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The case for: Okay, it’s not Los Angeles, but it’s still the second-largest media market in California and one of the tops nationally. Stanford is situated right in the San Francisco, Oakland and San Jose market, which ranks No. 6 nationally. That’s not the biggest draw with Stanford, though. Because of their history with Notre Dame, could bringing the Cardinal along help entice the Irish to finally jump all in?
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The case for: Oregon has been one of the Pac-12’s preeminent programs dating back to the beginning of the 2000’s. Adding the Ducks means bringing in the Portland media market, which ranks as the nation’s 21st. Oregon rates well because they are consistently one of the country’s best, so the Big Ten would love to add that. Plus, they are a natural addition for USC and UCLA.
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The case for: Look, there’s other programs on this list with better media market ties, but as long as Clemson keeps winning, then they’ll remain one of the most attractive commodities on the expansion market.
To illustrate this point, consider this: Greenville, Charleston and Columbia are the country’s No. 35, No. 75 and No. 76 media markets. Meanwhile, Clemson brought in an average of 2.67 million viewers throughout the 2015-19 seasons, which ranked second nationally behind Notre Dame in terms of average viewers for programs that weren’t in either the Big Ten or SEC.
With a pair of recent national championships in 2016 and in 2018 and four other College Football Playoff appearances, Clemson is one of the premier programs now in college football. If you’re great, you’ll rate.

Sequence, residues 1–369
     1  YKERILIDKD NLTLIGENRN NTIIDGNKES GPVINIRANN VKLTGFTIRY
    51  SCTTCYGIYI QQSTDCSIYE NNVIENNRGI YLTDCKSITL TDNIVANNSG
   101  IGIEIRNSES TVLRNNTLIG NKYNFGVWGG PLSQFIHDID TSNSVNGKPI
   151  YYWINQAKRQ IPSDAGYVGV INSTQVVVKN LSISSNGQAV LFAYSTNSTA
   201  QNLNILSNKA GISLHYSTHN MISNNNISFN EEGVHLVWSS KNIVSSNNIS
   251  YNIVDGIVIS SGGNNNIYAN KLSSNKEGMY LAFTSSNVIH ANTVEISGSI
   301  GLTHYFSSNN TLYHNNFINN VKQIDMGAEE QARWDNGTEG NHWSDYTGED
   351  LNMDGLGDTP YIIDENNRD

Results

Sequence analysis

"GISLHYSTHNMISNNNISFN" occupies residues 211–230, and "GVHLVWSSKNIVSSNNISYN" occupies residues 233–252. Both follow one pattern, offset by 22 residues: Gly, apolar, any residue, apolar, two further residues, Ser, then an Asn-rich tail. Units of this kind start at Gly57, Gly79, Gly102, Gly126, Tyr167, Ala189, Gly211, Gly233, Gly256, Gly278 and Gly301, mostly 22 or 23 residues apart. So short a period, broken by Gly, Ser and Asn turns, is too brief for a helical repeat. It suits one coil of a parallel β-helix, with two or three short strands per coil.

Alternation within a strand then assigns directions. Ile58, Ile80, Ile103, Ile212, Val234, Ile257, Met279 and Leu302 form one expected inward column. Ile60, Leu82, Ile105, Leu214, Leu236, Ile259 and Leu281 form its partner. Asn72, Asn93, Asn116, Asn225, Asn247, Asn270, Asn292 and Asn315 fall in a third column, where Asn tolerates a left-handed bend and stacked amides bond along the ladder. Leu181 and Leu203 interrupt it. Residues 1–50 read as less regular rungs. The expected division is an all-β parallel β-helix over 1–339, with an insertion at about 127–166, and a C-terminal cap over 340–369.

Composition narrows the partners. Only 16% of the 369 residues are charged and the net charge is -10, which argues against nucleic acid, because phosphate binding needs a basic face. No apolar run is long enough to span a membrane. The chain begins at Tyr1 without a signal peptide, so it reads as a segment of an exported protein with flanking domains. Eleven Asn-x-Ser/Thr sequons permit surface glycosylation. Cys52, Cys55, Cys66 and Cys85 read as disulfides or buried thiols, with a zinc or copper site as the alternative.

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The case for: Just like with Florida State, you’re adding massive Florida media markets if you bring in the Miami Hurricanes. You really can’t go wrong either way, but Florida State feels like it has the better Alumni base of the two. Another program that typically rates well regardless of how good or bad they are.
Florida State Seminoles
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The case for: Getting the Big Ten into the state of Florida should speak for itself. Florida State is an iconic college football program that pulled in an average 2.23 million viewers from 2015-19. With FSU, the Big Ten adds the Tampa market (No. 13), the Orlando market (No. 17), Miami (No. 18), West Palm Beach (No. 39) and Jacksonville (No. 43).
Notre Dame Fighting Irish
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The case for: The Big Ten’s top target. Everybody else’s top target, too. Adding Notre Dame means the league can really add whichever other school it wants and per-school shares should go up. The Fighting Irish’s weekly average TV audience was 3.61 million during the 2015-19 seasons, which was tops among schools that aren’t in either the Big Ten or SEC.